About Blog Favourites Contact

Ignorance is bliss – more language lessons

Posted: 21st Nov 2016

Our language lessons and practice continue, and the improvements come in fits and starts. Buying baguettes and food at stores and produce markets, and metro tickets from the newsagent has gotten easier. We’ve been able to offer directions when asked (we get asked a lot in our neighbourhood). But new situations are always cause for mild terror, and involve a fair amount of psychological preparation. Today I went to the Post Office to retrieve a package; the note saying they couldn’t deliver it had been taped on our building door last Wednesday 16th November. On the note I could see that they had originally tried to deliver it on the 5th, and then maybe again on the 10th, although that wasn’t entirely clear.

As background, we have had problems since we moved in getting mail and packages. We are in a small apartment block; the postal delivery service should have a way to enter the building lobby to put our mail into our postboxes located there. For the last 6 weeks since they ‘fixed’ our front door, somehow the fix made it impossible for the postal delivery people to get in. This follows the first few weeks after we arrived when we learned that the Post Office couldn’t find our address as shown on the maps, so we were instructed to give out a new address that the Post Office and shipping companies could find. Needless to say many letters and packages went astray, including our box of items shipped from the UK which took over a week once it first arrived to actually get delivered to us, after numerous ‘missed deliveries’, phone calls to two countries, and so forth. Because the building is owned and managed by the University, there have been numerous complaints made at various levels, and we only know that they are ‘working on solving’ the problem. Recently we started getting weekly notices from the Post Office posted to our glass door telling us to what address in another arrondissement we need to go to claim our undeliverable mail. These notices are printed up then annotated with underlines and exclamation marks in angry red ink. A couple people have made it over there – I haven’t yet.

Somehow my package slipped through the net casting our mail to farther sorting stations, and I was instructed to come to our neighbourhood Post Office to collect it. So today I ventured the three blocks to pick up my package, passport tucked safely in hand in case they needed identification. No line – what good fortune I thought! The woman took my paper with the package information on it, and started casting about in various places behind the counter for the package. She disappeared down a corridor, and shortly came back with a small box. She looked at the box, read my name aloud – I thought from the box – said “Bon” (good), and then looked back and forth from the slip and the box again, took the box, the slip and turned around and walked away down another corridor. No other word. Aack! What now?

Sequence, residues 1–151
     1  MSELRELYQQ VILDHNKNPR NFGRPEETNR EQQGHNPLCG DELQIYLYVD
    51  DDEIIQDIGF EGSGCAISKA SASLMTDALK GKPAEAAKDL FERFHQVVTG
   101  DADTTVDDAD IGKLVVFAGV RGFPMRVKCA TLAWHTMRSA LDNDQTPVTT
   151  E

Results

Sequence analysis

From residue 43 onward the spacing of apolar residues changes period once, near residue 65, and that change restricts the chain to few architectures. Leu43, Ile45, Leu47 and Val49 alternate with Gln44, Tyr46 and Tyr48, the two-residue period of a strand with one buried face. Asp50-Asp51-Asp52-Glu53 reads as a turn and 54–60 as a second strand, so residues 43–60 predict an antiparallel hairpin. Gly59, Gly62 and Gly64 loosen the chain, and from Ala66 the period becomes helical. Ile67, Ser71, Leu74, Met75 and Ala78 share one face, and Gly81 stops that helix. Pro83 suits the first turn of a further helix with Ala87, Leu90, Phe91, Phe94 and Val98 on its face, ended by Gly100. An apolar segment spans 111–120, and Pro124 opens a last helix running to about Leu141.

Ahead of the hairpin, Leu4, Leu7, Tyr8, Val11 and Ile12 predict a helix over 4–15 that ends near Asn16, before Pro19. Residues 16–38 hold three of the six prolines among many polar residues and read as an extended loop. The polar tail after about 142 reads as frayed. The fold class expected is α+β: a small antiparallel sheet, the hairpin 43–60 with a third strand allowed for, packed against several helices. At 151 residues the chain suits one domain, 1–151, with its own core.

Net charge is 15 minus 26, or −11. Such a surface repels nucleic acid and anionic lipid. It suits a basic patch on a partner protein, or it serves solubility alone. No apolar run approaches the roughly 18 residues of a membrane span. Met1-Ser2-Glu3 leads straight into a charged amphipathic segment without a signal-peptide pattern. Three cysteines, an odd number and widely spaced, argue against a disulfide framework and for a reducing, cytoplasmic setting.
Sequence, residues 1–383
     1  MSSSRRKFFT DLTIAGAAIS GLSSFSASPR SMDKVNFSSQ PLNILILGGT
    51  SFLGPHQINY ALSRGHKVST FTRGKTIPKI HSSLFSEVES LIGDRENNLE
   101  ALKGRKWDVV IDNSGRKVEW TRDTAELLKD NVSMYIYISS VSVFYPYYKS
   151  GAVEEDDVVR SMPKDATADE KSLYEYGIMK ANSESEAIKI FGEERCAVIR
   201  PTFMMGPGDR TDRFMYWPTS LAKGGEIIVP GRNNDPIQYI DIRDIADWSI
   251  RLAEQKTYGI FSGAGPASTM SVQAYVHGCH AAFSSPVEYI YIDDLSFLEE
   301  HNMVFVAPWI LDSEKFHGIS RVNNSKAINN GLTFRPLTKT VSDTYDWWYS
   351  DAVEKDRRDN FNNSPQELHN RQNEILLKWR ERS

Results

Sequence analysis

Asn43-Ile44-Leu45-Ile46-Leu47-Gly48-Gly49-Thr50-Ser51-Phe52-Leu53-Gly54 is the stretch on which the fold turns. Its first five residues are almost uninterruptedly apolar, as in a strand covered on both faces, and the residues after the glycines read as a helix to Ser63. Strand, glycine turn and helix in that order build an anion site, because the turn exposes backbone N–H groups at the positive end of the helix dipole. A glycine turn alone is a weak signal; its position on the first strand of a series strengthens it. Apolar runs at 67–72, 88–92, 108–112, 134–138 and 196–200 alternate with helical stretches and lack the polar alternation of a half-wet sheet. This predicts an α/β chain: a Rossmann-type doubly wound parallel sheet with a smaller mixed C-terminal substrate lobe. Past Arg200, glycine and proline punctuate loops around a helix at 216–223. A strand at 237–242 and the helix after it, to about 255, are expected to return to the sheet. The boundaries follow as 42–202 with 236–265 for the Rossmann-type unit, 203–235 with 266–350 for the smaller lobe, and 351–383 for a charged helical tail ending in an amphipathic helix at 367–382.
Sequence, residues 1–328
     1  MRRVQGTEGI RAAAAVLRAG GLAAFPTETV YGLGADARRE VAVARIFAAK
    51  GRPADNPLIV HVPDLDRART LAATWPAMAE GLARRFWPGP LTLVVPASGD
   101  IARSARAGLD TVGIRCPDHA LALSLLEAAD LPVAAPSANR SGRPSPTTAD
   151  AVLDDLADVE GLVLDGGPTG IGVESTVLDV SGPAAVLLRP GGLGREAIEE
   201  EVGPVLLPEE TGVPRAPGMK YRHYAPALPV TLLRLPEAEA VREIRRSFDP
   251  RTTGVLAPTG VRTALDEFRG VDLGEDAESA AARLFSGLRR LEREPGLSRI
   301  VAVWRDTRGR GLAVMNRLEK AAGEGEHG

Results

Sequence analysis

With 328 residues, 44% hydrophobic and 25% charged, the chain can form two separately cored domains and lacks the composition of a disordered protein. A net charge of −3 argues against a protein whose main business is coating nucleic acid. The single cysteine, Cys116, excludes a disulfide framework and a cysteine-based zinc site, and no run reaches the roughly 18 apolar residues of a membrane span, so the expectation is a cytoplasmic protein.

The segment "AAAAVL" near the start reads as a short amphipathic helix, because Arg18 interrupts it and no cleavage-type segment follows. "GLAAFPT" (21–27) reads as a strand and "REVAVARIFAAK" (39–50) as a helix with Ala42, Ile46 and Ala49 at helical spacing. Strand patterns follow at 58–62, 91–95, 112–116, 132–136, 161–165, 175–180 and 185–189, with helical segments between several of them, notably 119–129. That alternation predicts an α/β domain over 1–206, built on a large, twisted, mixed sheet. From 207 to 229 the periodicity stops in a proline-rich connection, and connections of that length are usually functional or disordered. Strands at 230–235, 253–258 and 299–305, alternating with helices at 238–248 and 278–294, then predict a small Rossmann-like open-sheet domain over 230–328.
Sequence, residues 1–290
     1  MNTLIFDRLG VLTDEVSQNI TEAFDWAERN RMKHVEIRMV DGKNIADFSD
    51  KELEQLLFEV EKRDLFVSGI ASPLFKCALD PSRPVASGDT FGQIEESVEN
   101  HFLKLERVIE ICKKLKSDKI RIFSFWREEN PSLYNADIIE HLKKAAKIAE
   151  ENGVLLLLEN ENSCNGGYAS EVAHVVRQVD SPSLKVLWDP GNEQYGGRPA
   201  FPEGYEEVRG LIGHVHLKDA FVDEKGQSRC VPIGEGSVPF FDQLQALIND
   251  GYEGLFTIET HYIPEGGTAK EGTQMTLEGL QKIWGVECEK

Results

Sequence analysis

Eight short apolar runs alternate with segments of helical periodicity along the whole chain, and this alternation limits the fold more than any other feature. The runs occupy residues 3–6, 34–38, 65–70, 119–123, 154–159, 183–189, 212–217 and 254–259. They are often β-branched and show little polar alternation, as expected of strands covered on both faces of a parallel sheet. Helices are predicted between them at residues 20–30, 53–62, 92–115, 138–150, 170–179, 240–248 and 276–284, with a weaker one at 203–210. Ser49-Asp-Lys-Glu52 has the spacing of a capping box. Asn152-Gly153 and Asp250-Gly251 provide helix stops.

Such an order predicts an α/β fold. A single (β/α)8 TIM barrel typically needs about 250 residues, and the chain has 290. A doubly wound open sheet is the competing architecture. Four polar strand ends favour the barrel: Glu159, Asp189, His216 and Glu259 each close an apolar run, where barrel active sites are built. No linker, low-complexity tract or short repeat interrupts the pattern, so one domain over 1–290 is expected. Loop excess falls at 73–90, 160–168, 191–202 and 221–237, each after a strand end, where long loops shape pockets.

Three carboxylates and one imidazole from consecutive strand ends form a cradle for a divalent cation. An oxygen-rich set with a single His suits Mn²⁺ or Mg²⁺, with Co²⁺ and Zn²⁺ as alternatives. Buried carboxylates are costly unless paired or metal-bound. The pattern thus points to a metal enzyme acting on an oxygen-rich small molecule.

I imagined the potential  dreaded paperwork I might have to fill out, or maybe a fee for customs duty, or, who knew what possible bureaucratic exercise awaited, possibly instructed to me in a way I couldn’t understand? After a few minutes she returned carrying a different package, speaking loudly as she approached so everyone in the line for the adjacent services counters could hear. But now FINALLY the one benefit of NOT fully understanding French became apparent: I am *pretty sure* she was berating me for taking so long to come collect the package that had initially been at my door so long ago (16 days – I heard that)! And of course there was no way I could explain in my slowly improving but not nearly clear enough French that I didn’t get their delivery card until they got around to dropping it off 11 days after they first stopped by. And what was the point really? So since I couldn’t even begin to worry about what I didn’t understand I just kept a pleasant face, said Oui and merci, and took my package from her disdainful outstretched hand, and left. I passed by the queue of people all watching the interaction (why not when you are bored, waiting?), and just calmly left with no feeling of ill will or even slight embarrassment. It was really exhilarating, in a silly, small and obviously slightly petty way. I’m pretty sure it was a win-win all around: she got to publicly take me to task for being tardy and obviously insulting the efficiency of their organisation, and I got my package without really caring what she had to say. Ignorance is really, truly sometimes bliss.

PS: The package was a baseball cap from some of my longest-time friends who had gotten together this summer when I couldn’t join them, so they got me a cap from the park too, so it would seem like I had been there with them. And that is why they say old friends are like gold.

Don’t miss another post! Be notified when there is a new blog.

<< Back to Blog


Share Post

Twitter Facebook Goolge+ LinkedIn

Our Favourites

Make & Funky Poppy

Make & Funky Poppy

This is the link to Lizzy's fabulous new shop Make at 140 Vauxhall St., and where you can find the lovely buttons from Funky Poppy!

http://www.makeat140.co.uk/

The Treasury Bar

The Treasury Bar

Most of my favourite events have started at the Treasury, and many of them never made it any further! Delicious food, great drinks, and wonderful staff. I always feel welcome and at home here.

www.thetreasurybar.co.uk

Plymouth Gin

Plymouth Gin

Locally distilled since 1793, It is simply the best gin!

www.plymouthgin.com

Contact

If you would like to get in touch with me at Plymouth Wayfarer, please use the form and let me know the best way to reach you. Know that I really do look forward to hearing from you! Also feel free to contact me via Facebook or Twitter.
Happy Wayfaring!
-Sabrina

Email: hello@plymouthwayfarer.com